Israel slams Russian Lavrov’s comments that Hitler had ‘Jewish blood’

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JERUSALEM — Israeli officials reacted with fury on Monday after Russian Foreign Minister Sergei Lavrov accused Ukrainian Jewish President Volodymyr Zelensky of supporting Nazism and claimed that “Hitler also had Jewish blood.”

Israeli Foreign Minister Yair Lapid said Russia’s ambassador to Israel would be officially summoned to explain the comments, which Lapid called “both unforgivable and outrageous.” He said Israel would demand an apology from the Russian government for using a discredited anti-Semitic trope: that Adolf Hitler, leader of the Nazi Third Reich and perpetrator of the Holocaust, was of Jewish ancestry.

In a statement, Israeli Prime Minister Naftali Bennett said “Lavrov’s words are wrong and their intentions are wrong”.

“The purpose of such lies is to accuse the Jews themselves of the most horrific crimes in history, which have been perpetrated against them, and thus to absolve Israel’s enemies of all responsibility,” he said. -he declares. “The use of the Holocaust of the Jewish people as a political tool must stop immediately.”

Lavrov made the comments in an interview on Italian television on Sunday as he sought to justify Russia’s invasion of Ukraine. Russian President Vladimir Putin said he was forced to launch a “special military operation” in February, in part because he believes Ukraine is dominated and ruled by neo-Nazis. Pressed to reconcile these “denazification” claims with Zelensky’s Jewish identity, Lavrov dismissed its relevance.

“What if Zelensky is Jewish,” Lavrov said, according to a translation of his remarks, which he made into Russian. “The fact does not deny the Nazi elements in Ukraine. I believe Hitler also had Jewish blood.

“Some of the worst anti-Semites are Jews,” Lavrov said.

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Outrage over Lavrov’s comments quickly spread across Israel. Dani Dayan, president of Yad Vashem, Israel’s leading Holocaust museum and research center, called them “dangerous” and “a blow to the victims of true Nazism”.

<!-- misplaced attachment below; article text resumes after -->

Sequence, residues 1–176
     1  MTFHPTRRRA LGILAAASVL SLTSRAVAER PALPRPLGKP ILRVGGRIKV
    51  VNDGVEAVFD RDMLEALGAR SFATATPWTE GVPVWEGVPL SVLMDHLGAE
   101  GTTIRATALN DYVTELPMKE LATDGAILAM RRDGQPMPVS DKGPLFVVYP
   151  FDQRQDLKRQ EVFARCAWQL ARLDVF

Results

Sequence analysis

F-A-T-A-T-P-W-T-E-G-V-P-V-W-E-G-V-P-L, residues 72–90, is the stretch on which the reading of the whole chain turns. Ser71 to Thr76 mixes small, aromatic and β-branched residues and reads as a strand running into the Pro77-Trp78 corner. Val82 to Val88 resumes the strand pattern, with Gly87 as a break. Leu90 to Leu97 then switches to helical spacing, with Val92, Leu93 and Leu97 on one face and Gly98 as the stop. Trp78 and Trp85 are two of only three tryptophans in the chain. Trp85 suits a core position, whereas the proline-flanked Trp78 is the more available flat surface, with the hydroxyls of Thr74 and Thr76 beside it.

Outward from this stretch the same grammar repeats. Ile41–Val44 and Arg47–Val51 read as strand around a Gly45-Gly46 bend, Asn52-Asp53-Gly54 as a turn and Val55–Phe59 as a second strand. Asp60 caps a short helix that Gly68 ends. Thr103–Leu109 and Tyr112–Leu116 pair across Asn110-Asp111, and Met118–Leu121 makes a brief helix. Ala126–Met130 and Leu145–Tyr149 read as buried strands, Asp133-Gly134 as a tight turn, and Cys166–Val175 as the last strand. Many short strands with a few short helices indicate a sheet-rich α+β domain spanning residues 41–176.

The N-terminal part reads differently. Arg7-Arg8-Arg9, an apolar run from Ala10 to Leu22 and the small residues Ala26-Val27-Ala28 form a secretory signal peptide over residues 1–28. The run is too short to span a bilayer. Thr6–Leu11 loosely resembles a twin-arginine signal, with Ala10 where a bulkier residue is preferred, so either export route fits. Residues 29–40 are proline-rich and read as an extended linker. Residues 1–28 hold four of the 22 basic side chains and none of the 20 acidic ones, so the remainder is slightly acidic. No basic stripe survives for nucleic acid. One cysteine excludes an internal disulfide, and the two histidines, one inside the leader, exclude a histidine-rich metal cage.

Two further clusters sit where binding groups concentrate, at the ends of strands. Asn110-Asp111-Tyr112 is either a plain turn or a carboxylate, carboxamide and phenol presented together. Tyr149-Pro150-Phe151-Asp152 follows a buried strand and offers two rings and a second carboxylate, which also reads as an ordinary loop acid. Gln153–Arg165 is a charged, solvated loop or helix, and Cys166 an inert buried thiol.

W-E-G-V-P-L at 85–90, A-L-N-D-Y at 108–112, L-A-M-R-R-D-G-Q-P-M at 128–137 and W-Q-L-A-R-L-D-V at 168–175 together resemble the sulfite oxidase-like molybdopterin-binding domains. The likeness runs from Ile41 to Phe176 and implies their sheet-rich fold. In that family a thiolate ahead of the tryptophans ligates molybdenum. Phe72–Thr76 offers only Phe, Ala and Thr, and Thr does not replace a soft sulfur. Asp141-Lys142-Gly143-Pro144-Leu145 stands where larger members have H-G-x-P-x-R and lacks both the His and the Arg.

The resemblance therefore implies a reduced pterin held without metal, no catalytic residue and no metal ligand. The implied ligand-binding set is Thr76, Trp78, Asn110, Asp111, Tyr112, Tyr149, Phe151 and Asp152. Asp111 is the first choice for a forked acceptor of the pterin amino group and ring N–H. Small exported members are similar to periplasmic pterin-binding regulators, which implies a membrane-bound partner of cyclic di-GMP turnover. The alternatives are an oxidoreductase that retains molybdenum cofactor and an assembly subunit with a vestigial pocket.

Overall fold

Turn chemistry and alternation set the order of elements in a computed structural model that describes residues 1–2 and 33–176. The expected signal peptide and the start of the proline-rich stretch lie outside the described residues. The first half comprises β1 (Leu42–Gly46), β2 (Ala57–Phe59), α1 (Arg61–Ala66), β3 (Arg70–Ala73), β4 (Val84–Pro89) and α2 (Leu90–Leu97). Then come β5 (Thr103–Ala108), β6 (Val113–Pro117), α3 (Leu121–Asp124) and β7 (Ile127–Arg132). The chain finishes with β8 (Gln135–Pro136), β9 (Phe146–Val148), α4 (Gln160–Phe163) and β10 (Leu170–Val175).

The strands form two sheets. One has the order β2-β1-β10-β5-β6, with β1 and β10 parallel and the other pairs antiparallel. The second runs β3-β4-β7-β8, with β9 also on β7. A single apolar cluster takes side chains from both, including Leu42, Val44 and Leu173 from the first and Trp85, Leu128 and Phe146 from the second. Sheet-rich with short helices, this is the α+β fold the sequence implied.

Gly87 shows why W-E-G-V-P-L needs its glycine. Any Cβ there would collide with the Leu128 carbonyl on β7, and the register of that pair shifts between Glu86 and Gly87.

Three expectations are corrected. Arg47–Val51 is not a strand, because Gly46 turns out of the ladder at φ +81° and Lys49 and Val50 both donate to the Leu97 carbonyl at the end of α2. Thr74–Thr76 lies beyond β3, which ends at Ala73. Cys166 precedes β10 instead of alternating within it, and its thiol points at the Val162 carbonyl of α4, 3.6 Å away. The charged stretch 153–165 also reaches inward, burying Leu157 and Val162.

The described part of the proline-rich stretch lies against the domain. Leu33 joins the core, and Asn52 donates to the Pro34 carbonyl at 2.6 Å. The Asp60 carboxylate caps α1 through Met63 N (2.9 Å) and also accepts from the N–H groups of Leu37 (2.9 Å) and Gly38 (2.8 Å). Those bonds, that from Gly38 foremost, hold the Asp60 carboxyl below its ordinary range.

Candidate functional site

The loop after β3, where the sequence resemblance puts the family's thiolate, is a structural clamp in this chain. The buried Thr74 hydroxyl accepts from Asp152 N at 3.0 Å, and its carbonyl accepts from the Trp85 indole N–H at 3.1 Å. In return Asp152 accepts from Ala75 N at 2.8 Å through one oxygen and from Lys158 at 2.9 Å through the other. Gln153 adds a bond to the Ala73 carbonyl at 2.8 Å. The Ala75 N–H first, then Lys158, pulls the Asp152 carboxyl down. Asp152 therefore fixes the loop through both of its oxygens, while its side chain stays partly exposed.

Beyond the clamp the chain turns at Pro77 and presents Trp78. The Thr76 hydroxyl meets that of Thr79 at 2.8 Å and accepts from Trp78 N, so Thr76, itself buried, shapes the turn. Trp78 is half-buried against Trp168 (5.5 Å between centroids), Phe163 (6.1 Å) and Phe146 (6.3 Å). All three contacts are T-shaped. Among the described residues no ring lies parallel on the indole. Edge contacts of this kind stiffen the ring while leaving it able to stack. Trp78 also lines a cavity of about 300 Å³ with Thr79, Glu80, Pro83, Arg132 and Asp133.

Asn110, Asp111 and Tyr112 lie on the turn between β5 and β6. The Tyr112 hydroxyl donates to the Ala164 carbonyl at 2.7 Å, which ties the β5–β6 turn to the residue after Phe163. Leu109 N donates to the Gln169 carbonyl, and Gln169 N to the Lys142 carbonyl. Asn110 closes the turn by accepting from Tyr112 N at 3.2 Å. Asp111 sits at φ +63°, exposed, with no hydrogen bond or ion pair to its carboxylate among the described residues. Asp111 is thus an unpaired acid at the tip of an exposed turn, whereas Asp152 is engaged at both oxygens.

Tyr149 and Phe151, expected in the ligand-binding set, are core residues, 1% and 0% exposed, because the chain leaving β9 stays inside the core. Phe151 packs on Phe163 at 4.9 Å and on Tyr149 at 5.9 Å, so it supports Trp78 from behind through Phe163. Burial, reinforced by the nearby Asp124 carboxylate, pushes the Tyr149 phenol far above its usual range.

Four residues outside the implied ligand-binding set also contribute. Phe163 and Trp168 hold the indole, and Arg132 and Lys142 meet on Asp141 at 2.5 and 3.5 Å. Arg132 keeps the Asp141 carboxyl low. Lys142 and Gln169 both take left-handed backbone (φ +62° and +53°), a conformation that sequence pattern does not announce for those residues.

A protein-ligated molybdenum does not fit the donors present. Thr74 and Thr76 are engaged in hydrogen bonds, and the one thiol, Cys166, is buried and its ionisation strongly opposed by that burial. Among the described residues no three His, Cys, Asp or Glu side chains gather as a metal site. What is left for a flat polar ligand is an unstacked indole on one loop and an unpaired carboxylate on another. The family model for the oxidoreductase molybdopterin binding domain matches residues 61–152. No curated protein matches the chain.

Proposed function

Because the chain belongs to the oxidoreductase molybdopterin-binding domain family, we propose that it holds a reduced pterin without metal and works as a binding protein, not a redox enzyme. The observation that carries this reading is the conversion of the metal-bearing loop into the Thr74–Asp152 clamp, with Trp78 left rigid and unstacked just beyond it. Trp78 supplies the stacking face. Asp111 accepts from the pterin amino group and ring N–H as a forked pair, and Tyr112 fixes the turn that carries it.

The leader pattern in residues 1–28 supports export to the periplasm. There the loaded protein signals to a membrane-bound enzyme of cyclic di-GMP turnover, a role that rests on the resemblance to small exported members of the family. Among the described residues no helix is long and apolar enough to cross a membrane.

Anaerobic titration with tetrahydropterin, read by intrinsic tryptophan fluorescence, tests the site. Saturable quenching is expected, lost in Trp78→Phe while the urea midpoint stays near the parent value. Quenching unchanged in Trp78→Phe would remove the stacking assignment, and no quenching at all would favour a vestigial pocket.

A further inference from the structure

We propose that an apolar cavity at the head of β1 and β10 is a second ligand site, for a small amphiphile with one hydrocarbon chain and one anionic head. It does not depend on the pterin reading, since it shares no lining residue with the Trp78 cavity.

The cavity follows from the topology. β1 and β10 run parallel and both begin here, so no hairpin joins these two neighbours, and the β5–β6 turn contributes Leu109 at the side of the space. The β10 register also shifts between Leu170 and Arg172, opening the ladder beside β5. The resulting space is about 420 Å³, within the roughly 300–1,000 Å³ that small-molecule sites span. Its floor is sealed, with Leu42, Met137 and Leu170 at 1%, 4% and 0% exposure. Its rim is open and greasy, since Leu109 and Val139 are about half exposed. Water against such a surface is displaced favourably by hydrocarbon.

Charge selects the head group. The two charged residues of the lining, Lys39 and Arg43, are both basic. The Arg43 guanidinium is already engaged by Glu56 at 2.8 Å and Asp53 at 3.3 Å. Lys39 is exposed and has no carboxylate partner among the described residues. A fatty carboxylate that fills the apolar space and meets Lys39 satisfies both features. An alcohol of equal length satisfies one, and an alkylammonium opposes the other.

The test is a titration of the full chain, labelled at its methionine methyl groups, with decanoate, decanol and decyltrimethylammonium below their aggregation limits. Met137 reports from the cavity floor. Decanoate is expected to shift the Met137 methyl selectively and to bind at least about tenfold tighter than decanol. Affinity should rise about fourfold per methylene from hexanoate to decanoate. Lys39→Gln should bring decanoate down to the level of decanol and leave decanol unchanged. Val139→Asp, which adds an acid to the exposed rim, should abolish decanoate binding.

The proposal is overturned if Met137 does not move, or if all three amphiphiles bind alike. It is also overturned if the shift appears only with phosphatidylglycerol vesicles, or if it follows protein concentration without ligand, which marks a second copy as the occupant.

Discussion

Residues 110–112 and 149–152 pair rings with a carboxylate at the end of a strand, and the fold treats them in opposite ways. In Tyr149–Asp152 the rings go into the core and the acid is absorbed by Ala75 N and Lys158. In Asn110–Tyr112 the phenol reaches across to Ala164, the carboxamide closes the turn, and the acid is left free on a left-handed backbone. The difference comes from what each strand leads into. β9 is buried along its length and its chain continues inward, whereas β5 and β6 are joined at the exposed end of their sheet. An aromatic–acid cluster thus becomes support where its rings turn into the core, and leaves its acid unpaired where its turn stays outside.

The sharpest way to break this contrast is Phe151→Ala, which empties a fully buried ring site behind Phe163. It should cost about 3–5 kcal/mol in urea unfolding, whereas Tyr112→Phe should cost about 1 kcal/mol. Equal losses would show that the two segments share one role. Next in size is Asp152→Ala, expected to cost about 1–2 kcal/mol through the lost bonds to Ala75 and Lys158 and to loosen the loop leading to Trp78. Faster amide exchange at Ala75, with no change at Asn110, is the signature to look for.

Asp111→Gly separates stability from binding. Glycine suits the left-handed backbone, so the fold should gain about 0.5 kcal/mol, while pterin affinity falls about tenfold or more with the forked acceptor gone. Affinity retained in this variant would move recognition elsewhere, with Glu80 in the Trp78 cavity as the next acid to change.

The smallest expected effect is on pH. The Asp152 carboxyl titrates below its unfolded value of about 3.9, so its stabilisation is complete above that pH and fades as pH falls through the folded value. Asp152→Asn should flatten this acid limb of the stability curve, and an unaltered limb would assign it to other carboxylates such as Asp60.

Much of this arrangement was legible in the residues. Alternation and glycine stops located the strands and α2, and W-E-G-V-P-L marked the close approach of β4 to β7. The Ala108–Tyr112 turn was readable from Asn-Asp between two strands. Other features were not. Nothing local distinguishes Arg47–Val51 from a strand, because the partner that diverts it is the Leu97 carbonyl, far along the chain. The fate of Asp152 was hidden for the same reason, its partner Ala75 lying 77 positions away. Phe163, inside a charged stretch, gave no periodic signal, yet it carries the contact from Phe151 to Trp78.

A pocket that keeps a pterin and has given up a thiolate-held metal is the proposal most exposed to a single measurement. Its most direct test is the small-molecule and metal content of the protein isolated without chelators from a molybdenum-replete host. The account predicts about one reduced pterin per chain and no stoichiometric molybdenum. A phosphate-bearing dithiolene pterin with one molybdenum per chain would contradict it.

Israel’s Deputy Economy and Industry Minister Yair Golan said in a radio interview on Monday that Lavrov’s remarks reflect “what the Russian regime really is — a violent regime that does not hesitate not to get rid of your internal rivals, to invade a foreign country and accuse it of reviving Nazism.

In Ukraine, Foreign Minister Dmytro Kuleba tweeted that the words of Lavrov “demonstrate that today’s Russia is full of hatred towards other nations.” .

Lavrov’s comments appeared to harden Israel’s reaction to the Russian invasion, which was mixed and evolved over the course of the war.

Jerusalem initially denounced the fighting but moderated its direct criticism of Russia due to concerns about its broader security relationship with Moscow. Israel depends on Russian forces to let it carry out unacknowledged airstrikes on Iran-backed militants inside Syria, according to military analysts here.

Bennett, who had good relations with Putin and Zelensky, also said he wanted to maintain some neutrality so he could mediate between them, a role he played in the early weeks of the conflict.

But as fighting in Ukraine continues and the civilian death toll rises, Israel increasingly denounces Russia. Lapid in particular has not spared his criticisms.

In April, he accused Russia of war crimes after revelations of atrocities in the Ukrainian town of Bucha.

“A large and powerful country invaded a smaller neighbor without any justification. Once again the ground is soaked with the blood of innocent civilians,” Lapid said during a public appearance in Greece.

Moscow expressed fury later in April after Lapid voted at the United Nations to suspend Russia from the UN Human Rights Council. Russia said it was an attempt to distract the world’s attention from the unresolved Israeli-Palestinian conflict.

The Russian government did not immediately comment on Israel’s demand for an apology for Lavrov’s remarks.

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